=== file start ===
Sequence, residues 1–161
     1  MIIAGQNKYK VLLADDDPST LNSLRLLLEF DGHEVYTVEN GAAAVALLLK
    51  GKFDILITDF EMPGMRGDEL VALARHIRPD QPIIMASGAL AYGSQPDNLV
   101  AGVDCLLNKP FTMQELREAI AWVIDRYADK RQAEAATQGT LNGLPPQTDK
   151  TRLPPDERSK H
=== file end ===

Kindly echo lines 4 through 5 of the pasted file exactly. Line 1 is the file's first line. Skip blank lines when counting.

   101  AGVDCLLNKP FTMQELREAI AWVIDRYADK RQAEAATQGT LNGLPPQTDK
   151  TRLPPDERSK H